1. ## Prove Divisibility

For any integer $a$ and $n, n | a^2$ if and only if $n | a.$

Let P: $n | a^2$
and $Q: n | a$.

I have no trouble proving $Q \Rightarrow P$.

I have trouble with $\sim Q \Rightarrow P$.

I am doing it by showing that if $n \not | a$, then $a \not = ny$ or equivalently,

$a = n y + c$, where $y, c \in \mathbb{Z}$ and 1 $\leq c < n$. It doesn't look too good.

How do you prove $P \Rightarrow Q$?

For $P \Rightarrow Q$ is it okay to prove $Q \Rightarrow \sim P$ to get the contradiction?

2. Originally Posted by novice
For any integer $a$ and $n, n | a^2$ if and only if $n | a.$

Let P: $n | a^2$
and $Q: n | a$.

I have no trouble proving $Q \Rightarrow P$.

I have trouble with $\sim Q \Rightarrow P$.

I am doing it by showing that if $n \not | a$, then $a \not = ny$ or equivalently,

$a = n y + c$, where $y, c \in \mathbb{Z}$ and 1 $\leq c < n$. It doesn't look too good.

How do you prove $P \Rightarrow Q$?

For $P \Rightarrow Q$ is it okay to prove $Q \Rightarrow \sim P$ to get the contradiction?
$4\mid 2^2$ but $4\nmid 2$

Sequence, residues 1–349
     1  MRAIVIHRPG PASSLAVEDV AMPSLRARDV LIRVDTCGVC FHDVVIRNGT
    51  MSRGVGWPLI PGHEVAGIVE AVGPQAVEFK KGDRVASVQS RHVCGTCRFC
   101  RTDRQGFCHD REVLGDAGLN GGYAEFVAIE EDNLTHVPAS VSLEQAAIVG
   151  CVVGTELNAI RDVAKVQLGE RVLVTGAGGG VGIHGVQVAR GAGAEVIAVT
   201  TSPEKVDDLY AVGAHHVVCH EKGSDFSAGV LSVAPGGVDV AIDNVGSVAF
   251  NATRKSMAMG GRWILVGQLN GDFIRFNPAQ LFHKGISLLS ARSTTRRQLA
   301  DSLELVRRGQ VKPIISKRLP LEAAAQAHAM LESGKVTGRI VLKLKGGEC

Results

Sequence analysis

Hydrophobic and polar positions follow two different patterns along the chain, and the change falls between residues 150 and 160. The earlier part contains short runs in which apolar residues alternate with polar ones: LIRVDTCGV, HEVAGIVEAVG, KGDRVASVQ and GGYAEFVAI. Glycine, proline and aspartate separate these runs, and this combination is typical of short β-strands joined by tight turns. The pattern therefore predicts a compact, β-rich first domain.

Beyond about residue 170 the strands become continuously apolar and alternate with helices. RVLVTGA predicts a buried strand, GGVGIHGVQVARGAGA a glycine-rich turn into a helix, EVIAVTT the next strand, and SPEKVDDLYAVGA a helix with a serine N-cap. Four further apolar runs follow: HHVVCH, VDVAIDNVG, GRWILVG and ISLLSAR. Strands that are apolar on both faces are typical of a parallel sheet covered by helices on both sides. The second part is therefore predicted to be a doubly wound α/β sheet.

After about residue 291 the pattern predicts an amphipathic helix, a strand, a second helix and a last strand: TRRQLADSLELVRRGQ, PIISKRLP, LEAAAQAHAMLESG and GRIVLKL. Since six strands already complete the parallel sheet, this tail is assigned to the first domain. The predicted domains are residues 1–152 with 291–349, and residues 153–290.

3. Originally Posted by Drexel28
$4\mid 2^2$ but $4\nmid 2$
How should I device the question so that $n | a$? Never mind. Thanks anyway.

4. Originally Posted by Drexel28
$4\mid 2^2$ but $4\nmid 2$
Drexel,
I just realized, you can't use a counter example because postulate is a biconditional logic. It says $n|a^2$ unless $n|a$.

5. Originally Posted by novice
Drexel,
I just realized, you can't use a counter example because postulate is a biconditional logic. It says $n|a^2$ unless $n|a$.
I'm no logician but $n\mid a^2\Longleftrightarrow n\mid a$ is countered by my example.

6. Originally Posted by Drexel28
I'm no logician but $n\mid a^2\Longleftrightarrow n\mid a$ is countered by my example.
You are right; it's logically inconsistent.